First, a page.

Bahrain arrests human rights activist for “inciting hatred” against the monarchy

28th Nov 2013

Bahraini human rights defender Hussain Jawad was arrested on Saturday over allegations of inciting hatred against the government, his organization confirmed in a statement on Wednesday.

Hussein Jawad is a human rights activist, and Chairman of European-Bahraini Organization for Human Rights (EBOHR), an international organization that works to defend human rights across the Middle East.

In addition to Jawad, EBOHR declared that “a number of prominent Bahraini activists were accused in the press of, inter alia, arming opposition militant factions, inciting xenophobic violence, and propagating sectarian discrimination during peaceful protests.”

According to EBOHR, Jawad has repeatedly and publicly called for a peaceful struggle towards democracy in Bahrain.

State-affiliated Bahraini media have engaged in negative coverage of pro-democracy activists, human rights NGO Front Line Defenders claimed.

According to EBOHR’s statement, Jawad went to the Central Province Center on November 23 to file a complaint against Bahraini media organizations and the chief editor of Emirati publication Gulf News, Anwar Abdul Rahman. Meanwhile, Jawad was notified that a police patrol was on its way to arrest him.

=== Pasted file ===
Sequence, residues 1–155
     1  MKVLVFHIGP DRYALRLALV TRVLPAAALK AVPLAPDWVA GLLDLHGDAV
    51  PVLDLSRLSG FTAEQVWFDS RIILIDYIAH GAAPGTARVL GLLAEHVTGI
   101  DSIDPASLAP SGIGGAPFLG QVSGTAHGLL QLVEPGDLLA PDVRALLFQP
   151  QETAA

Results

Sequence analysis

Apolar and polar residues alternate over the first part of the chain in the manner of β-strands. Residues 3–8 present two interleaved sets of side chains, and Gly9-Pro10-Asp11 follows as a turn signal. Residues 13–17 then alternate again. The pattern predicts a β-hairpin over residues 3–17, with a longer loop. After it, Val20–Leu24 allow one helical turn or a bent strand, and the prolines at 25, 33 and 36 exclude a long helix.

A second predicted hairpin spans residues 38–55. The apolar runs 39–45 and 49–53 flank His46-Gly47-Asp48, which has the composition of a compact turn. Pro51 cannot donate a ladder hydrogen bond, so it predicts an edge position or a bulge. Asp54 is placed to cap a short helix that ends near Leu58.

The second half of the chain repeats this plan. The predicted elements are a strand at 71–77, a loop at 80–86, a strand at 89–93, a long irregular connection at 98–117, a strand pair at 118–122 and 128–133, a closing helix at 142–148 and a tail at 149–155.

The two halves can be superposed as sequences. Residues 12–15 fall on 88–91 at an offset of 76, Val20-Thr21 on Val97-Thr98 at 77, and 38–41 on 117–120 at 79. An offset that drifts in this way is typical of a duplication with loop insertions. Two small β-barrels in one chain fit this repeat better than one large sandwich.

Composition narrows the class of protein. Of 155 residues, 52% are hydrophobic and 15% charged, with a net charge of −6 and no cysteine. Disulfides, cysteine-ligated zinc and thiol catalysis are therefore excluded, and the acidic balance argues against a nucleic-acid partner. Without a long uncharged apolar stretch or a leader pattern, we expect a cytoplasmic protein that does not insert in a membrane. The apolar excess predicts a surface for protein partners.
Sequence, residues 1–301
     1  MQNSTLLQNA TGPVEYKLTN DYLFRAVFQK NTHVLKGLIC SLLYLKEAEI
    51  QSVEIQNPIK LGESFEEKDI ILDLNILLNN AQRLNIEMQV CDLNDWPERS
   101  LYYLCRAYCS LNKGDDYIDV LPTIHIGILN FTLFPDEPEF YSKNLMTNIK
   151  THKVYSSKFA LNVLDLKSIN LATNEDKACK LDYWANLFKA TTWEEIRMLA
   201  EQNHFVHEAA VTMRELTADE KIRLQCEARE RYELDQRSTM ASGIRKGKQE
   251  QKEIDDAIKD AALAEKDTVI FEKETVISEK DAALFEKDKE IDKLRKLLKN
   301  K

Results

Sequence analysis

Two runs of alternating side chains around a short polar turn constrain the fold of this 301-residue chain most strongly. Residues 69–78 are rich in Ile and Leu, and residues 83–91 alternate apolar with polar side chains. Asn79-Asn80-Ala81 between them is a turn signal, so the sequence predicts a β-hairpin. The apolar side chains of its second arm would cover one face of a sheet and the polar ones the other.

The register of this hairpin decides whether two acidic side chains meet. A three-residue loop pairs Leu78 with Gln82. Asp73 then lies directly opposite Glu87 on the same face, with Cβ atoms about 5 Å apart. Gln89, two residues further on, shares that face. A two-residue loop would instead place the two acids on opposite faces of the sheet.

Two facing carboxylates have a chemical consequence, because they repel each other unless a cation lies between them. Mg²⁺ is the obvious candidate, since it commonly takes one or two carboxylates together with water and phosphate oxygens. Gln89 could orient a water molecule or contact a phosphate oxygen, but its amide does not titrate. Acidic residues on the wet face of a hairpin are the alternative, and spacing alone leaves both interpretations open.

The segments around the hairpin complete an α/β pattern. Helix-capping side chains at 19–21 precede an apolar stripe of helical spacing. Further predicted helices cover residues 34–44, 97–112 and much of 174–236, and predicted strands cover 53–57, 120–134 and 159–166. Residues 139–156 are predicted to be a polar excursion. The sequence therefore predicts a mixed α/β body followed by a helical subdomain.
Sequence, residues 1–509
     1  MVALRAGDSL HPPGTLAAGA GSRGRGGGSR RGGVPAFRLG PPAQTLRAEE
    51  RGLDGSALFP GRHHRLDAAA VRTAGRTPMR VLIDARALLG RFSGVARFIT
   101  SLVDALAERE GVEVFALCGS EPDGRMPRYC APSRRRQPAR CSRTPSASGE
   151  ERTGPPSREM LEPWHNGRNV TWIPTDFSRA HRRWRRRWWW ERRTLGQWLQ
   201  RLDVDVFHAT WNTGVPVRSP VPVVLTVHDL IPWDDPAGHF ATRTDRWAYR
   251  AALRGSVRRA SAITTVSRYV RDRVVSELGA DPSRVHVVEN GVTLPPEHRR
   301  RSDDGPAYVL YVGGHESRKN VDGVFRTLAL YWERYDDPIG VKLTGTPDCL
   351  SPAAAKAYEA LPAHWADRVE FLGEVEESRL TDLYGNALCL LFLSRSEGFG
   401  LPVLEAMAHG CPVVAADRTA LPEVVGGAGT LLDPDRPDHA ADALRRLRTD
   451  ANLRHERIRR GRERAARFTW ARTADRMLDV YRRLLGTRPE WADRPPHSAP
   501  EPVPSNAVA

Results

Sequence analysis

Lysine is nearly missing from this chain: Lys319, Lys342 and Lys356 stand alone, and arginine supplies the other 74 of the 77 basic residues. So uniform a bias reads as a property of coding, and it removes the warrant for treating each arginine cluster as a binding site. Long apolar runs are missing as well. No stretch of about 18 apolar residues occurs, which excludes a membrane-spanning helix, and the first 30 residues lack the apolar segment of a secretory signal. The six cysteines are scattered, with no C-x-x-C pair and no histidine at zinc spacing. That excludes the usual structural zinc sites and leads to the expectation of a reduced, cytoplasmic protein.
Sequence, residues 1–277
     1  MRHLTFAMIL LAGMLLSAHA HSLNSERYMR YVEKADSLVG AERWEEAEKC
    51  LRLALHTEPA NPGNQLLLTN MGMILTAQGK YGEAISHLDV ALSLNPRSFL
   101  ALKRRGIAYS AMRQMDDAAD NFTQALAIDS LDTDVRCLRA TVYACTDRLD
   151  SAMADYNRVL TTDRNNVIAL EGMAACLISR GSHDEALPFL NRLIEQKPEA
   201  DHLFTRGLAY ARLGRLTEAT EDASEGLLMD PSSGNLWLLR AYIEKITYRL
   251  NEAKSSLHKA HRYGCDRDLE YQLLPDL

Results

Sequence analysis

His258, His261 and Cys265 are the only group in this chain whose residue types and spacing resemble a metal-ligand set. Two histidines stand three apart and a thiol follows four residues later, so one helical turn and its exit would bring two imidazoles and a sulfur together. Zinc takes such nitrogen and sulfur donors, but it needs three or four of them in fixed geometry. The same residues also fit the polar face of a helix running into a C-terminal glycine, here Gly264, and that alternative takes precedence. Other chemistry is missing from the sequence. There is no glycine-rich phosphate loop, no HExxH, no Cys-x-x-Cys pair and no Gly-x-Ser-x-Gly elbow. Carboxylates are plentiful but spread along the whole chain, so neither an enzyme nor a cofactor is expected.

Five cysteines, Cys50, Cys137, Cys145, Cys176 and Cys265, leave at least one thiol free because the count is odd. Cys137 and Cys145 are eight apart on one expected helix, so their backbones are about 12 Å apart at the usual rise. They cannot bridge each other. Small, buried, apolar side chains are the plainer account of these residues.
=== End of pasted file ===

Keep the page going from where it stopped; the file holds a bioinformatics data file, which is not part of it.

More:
Jawad initially refused to be handcuffed by two officers dressed in civilian clothing, before relenting and being escorted to a police station for further questioning in the presence of his lawyer, Saeed Sarhan.

The interrogation focused on a speech Jawad delivered in the Bahraini capital Manama at an event commemorating the religious holiday of Ashura, declaring that it “incited hatred against the regime.”

EBOHR said that Jawad has been shuttled between at least three security facilities since his arrest. He is currently being held in a short-term detention unit.

On November 24, EBOHR confirmed and condemned the public prosecutor’s demand that Jawad remain in custody for fifteen days pending further investigation.

Front Line Defenders expressed their “grave concern that the Bahrain authorities persist in their habit of systematically targeting human rights defenders one after another through arrests, defamation, threats and prosecutions.”

In 2011 the Gulf state – ruled by the al-Khalifa monarchy – was shaken by an uprising calling for democratic reform.

Protesters were met with overwhelming military force leading to at least 89 deaths, according to the International Federation for Human Rights (FIDH). The Bahraini government has since continued its crackdown on protests.



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